Urban and rural TDs in angry exchanges over property tax
The debate over what farmers should pay in property taxes heated up this week as TDs clashed over the best approach to valuing farmhouses.
It comes after the former president of the Institute of Professional Auctioneers and Valuers (IPAV) said auctioneers would be discounting farmhouses adjacent to farmyards by at least 50pc.
The IPAV's Tom Crosse said that farm residences that are part of farmyards would be "seriously discounted in their market value".
"If a stand-alone house was worth €200,000 our members would be putting a valuation of €100,000 on the equivalent farmhouse and maybe less in some cases," he said.
"We won't be allocating a high value to a residence attached to a farm, because they would be very hard to sell on their own. Many are adjacent to milking parlours, silage and slurry pits and there is also the issue of the right-of-way for access," he added.
If houses are valued at less than €100,000, they qualify for the lowest rate of property tax at just €45 for 2013.
However, the Society of Chartered Surveyors of Ireland (SCSI) said that farm houses situated away from the farmyard could be treated differently.
SCSI president, Roland O'Connell, said they had sought a meeting with Revenue to get clearer guidelines for assessing valuations.
"We are asking Revenue who is qualified to carry out a valuation. Each case is going to have to be assessed individually. We know of cases where valuations were put on farmhouses on notional one-acre sites for stamp duty on farm transfers," he said.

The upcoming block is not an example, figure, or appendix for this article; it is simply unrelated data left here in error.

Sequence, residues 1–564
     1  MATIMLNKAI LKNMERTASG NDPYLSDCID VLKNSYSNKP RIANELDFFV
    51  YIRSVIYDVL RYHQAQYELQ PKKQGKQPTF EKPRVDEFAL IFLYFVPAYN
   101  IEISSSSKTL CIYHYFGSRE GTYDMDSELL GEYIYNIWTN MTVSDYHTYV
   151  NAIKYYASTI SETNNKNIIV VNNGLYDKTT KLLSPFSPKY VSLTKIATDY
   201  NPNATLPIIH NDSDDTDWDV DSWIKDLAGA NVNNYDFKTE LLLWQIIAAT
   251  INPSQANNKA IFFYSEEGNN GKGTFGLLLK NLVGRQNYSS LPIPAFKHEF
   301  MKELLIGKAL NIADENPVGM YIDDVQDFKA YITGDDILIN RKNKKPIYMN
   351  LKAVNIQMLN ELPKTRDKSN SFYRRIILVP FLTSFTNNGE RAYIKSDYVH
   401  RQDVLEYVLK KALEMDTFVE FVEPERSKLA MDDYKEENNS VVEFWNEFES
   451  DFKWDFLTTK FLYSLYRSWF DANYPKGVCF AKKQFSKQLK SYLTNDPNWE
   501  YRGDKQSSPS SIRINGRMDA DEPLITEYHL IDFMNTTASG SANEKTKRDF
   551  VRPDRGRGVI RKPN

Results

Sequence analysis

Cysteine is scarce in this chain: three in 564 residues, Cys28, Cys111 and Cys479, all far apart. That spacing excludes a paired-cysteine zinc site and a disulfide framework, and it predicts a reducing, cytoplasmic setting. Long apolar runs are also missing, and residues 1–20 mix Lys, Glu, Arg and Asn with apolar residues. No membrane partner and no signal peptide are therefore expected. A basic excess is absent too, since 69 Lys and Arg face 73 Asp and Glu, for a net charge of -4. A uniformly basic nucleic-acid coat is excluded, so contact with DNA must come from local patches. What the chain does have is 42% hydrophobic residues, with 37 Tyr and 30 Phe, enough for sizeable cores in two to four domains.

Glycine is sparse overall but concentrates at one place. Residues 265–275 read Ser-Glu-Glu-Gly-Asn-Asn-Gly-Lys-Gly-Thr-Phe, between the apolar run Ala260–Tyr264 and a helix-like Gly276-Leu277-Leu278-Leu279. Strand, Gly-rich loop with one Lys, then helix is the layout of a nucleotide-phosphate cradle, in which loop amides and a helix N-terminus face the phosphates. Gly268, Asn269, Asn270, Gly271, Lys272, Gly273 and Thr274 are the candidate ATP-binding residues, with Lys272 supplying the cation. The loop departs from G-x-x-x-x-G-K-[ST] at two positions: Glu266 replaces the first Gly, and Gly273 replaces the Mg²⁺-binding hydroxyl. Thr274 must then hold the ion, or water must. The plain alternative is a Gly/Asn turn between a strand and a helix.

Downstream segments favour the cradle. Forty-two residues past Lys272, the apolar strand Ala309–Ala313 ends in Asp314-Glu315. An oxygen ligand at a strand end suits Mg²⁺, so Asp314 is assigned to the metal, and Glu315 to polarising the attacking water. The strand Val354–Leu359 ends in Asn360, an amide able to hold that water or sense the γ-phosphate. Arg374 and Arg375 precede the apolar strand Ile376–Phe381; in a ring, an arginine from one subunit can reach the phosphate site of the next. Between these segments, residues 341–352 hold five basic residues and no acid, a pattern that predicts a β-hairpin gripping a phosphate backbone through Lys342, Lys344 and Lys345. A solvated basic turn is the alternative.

Meanwhile, Independent TD for Kerry South, Michael Healy-Rae, has advised farmers to value their homes at the minimum rate. He claimed that farmhouses, regardless of size or spec, would be worthless to anyone but the farmer when situated on a working farm.
However, the comments sparked criticism from Dublin Labour TD, Robert Dowds, who accused Deputy Healy-Rae of giving people irresponsible advice.
"The penalties for knowingly undervaluing a property for the property tax are up to €3,000," stated Deputy Dowds.
"Deputy Healy-Rae's advice to farmers to arbitrarily value their houses at the minimum level is ill advised and could get farmers into considerable trouble with the Revenue Commissioners," he added.
He said Deputy Healy-Rae's advice would almost certainly lead to shortfalls in funding for local services in rural Ireland.
"Urban homeowners are bearing the brunt of this tax and cannot be expected to come to the rescue when rural councils cannot afford local services because there is under valuation going on in farms around the country. Urban car owners are already subsidising counties such as Leitrim and Longford through the car tax," he said.
"Because the tax is based on market value, urban homeowners are already in line for higher property taxes than their rural counterparts."